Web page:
On Tuesday night Israel will begin celebrating its 75th Independence Day.
Fireworks at the traditional state ceremony at Mount Herzl in Jerusalem (named after Theodor Herzl, the father of modern political Zionism) will be followed on Wednesday by parties and barbecues across the country. However, for many Israelis this year the joy will be mixed with trepidation due to a real fear that the “only democracy in the Middle East” – as Israeli leaders never tire of mentioning- may not be a robust democracy for much longer.
Israel has always had divisions – those related to the never-ending conflict with the Palestinians are a case in point – but the judicial overhaul planned by the government of Binyamin Netanyahu, the most right-wing in Israel’s history, and the ongoing mass protests have created an unprecedented rift that threatens to tear the country apart.
This crisis doesn’t take away from Israel’s achievements, which border on the remarkable.
From 600,000 residents in 1948, many of them traumatised Holocaust survivors from war-torn Europe, the Jewish state has grown into a strong and prosperous country of more than nine million.
From a socialist-based economy lacking natural resources, struggling to absorb hundreds of thousands of new immigrants from Europe and across the Arab world in its early years of statehood, Israel has developed into the start-up nation with a per-capita income surpassing many advanced European countries.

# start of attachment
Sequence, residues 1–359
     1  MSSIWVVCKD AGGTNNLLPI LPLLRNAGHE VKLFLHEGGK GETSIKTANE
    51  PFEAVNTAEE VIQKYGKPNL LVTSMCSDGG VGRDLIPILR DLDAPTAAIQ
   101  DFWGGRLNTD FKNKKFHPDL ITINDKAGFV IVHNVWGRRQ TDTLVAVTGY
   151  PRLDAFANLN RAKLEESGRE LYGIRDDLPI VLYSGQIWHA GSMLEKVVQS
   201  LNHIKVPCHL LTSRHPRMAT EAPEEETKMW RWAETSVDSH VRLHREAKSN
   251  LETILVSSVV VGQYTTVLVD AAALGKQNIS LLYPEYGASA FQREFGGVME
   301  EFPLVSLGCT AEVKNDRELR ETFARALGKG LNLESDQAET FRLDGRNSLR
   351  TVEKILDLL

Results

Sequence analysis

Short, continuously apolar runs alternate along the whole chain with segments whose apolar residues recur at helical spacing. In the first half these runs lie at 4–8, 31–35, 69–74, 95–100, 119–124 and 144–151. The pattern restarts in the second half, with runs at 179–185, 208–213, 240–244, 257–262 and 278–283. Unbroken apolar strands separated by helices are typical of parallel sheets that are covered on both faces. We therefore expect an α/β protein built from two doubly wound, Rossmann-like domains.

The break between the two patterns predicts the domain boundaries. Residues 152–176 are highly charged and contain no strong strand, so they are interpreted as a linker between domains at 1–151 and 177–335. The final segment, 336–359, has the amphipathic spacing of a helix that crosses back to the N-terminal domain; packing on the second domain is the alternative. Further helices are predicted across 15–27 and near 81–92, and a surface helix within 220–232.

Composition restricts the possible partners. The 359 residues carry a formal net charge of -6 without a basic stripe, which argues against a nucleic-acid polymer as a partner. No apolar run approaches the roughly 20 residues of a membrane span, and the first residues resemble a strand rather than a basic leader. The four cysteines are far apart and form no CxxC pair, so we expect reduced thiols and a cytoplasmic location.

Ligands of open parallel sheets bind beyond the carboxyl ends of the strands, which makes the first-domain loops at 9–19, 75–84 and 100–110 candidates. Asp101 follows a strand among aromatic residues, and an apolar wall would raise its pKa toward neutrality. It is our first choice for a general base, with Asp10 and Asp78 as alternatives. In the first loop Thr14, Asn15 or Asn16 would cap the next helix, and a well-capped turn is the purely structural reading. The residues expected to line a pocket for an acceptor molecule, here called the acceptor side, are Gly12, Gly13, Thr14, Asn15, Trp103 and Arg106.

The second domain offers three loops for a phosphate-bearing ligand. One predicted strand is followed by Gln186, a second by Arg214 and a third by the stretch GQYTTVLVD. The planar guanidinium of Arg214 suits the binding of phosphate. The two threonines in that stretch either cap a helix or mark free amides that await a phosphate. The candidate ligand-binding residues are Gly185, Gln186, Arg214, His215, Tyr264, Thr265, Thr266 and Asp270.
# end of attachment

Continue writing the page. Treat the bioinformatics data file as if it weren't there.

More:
From a makeshift militia battling against enormous odds, it has developed into a regional military superpower.
Miri Regev, the minister responsible for the Mount Herzl state ceremony, urged the government’s opponents to put differences aside and celebrate together.
“Both sides have things that pain and bother them. Do you want to protest? To voice your criticism? Don’t do that at state ceremonies. Let’s set aside our differences, conclude the ceremonies, unite, speak and reach understandings,” she urged. “Come, let’s show the Israeli people that we can be united during these holy days.”
But the head of the opposition, former prime minister Yair Lapid, decided to boycott the state ceremony.
“Minister Regev, my seat at the torch-lighting ceremony will remain empty because you [plural] haven’t left me any choice,” he said. “I love the country to the depths of my soul, but for the past three months you have torn Israeli society apart, and no phoney fireworks performance can cover that up. If public unity was so important to you, you wouldn’t have dismantled our democracy and you would go to work on behalf of Israel’s citizens.”
Yossi Verter, a columnist for the liberal Ha’aretz daily newspaper, said every public figure who opposes the so-called judicial reform and the continuing debasement of proper governance must stay away from the Independence Day ceremony this year.
“It’s unfortunate, but this is the price of reality. The sugary and kitschy torch-lighting ceremony is an extraordinary Israeli consensus. But even the extraordinary is going sour this year,” he wrote. “Along the way, the coalition that is holding democracy hostage and is threatening to destroy it has also taken the national ceremony and disgraced it even before a single frame has been broadcast.”